News Releases

CHILD CARE: Murray Urges Passage of Critical Child Care Legislation

Mar 13 2014

Legislation promotes policies that contribute to the healthy development of more than 1.5M children, support opportunities for parents

Tells stories of WA families who would benefit from reauthorization

(Washington, D.C.)  – Today, Thursday, March 13th, 2014, U.S. Senator Patty Murray, a senior member of the Senate Health, Education, Labor, and Pensions (HELP) Committee, delivered a speech on the Senate floor urging passage of the Child Care and Development Block Grant.  This legislation places an emphasis on promoting policies that will support opportunities for parents to work, enroll in school, or get job training, while also contributing to the healthy development of children. More than 1.5 million children benefit from the federal child care subsidy program, including 44,800 children in Washington state. Senator Murray shared stories she has heard from constituents who would benefit directly from this legislation.

“…For moms wanting to re-enter the labor force, for the parents studying and working hard to support their families, for children who deserve the quality care and attention they need early in life-- let’s expand opportunities to more families by ensuring they can access child care,” Senator Murray said.  

Stories from Washington state constituents in Senator Murray’s speech:

“In my home state of Washington, a woman named Janelle is a single mom living in southeast Seattle.  Janelle was looking for opportunities to better support her family.  But before she could go back to school or participate in a job training program to advance her career, she first needed to find affordable child care for two of her children.  Thankfully, with assistance from Child Care and Development Block Grants, she was able to get subsidies to help cover the cost.  Janelle now works part-time and is attending school to become a surgical tech.”

“That’s helped a single mom named Star who lives in Skagit county in Washington state. Star wants to advance her skills to help support her family. With this assistance, she’s able to go to community college an hour away from her home, knowing her kids have a reliable child-care program to attend. There is nothing more important to a parent than the safety and well-being of their children. Reauthorizing this bill will help ensure that parents like Star can feel comfortable when they have to leave their children to attend work or school.”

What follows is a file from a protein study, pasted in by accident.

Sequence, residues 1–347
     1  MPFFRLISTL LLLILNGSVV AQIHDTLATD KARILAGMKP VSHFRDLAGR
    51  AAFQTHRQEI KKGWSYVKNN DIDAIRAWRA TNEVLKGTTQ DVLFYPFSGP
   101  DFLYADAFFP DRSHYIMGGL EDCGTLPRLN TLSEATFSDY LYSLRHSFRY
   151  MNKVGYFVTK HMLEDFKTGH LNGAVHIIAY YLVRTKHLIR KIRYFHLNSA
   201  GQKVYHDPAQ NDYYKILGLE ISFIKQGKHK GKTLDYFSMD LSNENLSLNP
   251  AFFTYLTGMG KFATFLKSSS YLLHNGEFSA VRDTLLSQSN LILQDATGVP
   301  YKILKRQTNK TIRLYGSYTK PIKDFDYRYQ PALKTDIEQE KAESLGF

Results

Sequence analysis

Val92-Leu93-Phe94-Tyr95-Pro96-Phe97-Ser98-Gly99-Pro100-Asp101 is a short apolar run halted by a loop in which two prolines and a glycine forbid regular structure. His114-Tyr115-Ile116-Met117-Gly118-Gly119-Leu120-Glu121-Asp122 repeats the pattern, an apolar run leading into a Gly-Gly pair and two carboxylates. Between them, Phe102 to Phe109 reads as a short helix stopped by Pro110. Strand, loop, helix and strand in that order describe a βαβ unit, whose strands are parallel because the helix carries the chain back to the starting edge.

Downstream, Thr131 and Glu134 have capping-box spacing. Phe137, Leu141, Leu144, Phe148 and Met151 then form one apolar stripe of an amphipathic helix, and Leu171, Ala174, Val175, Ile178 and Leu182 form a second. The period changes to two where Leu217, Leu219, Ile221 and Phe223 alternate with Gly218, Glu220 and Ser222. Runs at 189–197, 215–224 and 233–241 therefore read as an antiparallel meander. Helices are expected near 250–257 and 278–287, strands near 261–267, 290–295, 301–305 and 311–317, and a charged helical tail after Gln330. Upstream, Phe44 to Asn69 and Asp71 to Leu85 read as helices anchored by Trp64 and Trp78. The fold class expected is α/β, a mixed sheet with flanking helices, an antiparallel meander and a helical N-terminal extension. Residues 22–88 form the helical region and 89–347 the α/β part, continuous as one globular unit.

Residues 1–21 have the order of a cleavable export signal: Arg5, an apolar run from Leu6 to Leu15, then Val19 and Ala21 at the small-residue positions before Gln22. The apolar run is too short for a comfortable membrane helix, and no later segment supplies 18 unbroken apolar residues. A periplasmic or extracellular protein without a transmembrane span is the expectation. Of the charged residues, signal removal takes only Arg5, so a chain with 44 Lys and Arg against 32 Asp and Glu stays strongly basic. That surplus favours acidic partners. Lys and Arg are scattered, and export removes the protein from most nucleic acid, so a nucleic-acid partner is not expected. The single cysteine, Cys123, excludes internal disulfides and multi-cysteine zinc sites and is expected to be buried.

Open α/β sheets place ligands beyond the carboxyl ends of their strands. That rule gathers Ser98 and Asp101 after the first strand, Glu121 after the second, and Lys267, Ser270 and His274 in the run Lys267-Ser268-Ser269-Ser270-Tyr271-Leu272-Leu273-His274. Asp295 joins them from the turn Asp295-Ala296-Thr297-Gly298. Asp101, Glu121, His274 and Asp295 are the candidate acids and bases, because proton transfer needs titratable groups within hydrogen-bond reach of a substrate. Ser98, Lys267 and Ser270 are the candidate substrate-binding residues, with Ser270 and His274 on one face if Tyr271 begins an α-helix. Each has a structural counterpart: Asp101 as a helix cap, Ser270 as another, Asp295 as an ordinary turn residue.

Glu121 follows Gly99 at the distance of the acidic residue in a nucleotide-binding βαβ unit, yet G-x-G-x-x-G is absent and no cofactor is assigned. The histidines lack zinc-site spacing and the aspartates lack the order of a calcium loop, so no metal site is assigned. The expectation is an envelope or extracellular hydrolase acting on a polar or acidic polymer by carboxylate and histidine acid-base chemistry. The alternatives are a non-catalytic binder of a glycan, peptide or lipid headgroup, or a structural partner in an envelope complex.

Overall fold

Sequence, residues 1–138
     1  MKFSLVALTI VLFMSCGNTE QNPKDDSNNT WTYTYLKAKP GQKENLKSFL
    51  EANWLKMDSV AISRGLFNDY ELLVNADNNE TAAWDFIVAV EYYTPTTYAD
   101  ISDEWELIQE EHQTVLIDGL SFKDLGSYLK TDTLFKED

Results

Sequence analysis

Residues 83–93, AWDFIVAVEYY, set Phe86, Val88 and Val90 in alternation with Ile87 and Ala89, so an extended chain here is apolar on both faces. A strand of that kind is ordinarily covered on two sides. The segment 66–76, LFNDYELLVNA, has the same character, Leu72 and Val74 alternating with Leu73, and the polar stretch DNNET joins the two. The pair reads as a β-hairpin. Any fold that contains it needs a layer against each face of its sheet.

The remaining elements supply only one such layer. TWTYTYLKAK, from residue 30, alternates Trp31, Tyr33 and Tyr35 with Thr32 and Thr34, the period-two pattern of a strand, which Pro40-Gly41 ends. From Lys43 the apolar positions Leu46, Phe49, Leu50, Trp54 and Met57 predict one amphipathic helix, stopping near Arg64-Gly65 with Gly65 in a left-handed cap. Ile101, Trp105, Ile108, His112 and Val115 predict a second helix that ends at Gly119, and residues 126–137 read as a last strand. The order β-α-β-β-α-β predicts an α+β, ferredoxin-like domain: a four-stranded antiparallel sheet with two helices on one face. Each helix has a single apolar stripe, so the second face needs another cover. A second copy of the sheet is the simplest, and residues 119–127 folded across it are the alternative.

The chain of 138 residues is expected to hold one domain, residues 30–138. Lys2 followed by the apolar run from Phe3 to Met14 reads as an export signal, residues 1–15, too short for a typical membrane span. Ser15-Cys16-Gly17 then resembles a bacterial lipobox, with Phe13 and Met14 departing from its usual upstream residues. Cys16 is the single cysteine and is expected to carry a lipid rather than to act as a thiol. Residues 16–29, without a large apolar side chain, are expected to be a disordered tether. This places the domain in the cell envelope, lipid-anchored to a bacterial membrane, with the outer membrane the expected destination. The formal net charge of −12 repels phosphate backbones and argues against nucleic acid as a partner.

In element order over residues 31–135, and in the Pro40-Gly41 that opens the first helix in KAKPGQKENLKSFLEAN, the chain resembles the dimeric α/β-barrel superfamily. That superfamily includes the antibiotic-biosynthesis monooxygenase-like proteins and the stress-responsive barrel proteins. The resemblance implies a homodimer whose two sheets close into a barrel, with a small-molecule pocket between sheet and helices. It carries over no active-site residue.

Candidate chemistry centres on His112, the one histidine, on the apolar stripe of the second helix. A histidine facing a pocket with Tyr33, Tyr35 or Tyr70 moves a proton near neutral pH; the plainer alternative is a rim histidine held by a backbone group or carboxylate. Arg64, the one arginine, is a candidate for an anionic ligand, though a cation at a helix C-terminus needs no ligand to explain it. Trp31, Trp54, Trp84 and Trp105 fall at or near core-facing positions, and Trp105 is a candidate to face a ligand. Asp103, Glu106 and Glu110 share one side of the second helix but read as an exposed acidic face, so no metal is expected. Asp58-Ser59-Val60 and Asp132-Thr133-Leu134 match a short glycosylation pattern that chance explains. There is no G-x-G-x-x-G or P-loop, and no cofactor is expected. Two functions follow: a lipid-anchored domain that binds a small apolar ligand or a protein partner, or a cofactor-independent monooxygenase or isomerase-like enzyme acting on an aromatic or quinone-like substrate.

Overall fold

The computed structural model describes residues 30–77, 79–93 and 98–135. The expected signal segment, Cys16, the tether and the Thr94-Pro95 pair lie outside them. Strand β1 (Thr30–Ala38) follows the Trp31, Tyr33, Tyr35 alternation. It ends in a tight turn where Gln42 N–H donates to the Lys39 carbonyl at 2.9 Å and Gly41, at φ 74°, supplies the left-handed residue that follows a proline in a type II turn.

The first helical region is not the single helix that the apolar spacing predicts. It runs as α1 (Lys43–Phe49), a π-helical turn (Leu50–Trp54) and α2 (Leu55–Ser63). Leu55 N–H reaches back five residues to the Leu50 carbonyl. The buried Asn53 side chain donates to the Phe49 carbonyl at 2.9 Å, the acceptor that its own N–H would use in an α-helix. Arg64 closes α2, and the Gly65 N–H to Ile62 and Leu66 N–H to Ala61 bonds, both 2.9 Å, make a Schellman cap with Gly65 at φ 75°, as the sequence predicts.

“Back in Washington state, a couple named Edward and Constance are struggling to make ends meet on a very low income. But they are working and studying to make sure that times won’t always be so tough.  Because of child care assistance with this grant money, Edward works full time. And when Constance isn’t working at her part-time job, she’s training to become a dental assistant.”

Full text of Senator Murray’s speech below:

“Thank you, Mr. President.

“In my home state of Washington, a woman named Janelle is a single mom living in southeast Seattle.

“Janelle was looking for opportunities to better support her family.

“But before she could go back to school or participate in a job training program to advance her career, she first needed to find affordable child care for two of her children.

“Thankfully, with assistance from Child Care and Development Block Grants, she was able to get subsidies to help cover the cost.

“Janelle now works part-time and is attending school to become a surgical tech.

“That federal grant program expands opportunities to parents like Janelle, and many more families across the country, by helping with the cost of child care.

“And that’s why today, I’m calling on all of my colleagues to support the Child Care and Development Block Grant reauthorization.

“Mr. President, the cost of child care has soared in recent decades.

“The Census Bureau found that child care costs have nearly doubled since the mid-1980s. 

“And that high cost hits low-income families especially hard.

“For working families living below the poverty line, the cost of child care can eat up more than 30 percent of their monthly income.

“For single parents, with only one income, it’s an even bigger burden.

“When low-income parents don’t have access to reliable and affordable child care, they can’t work.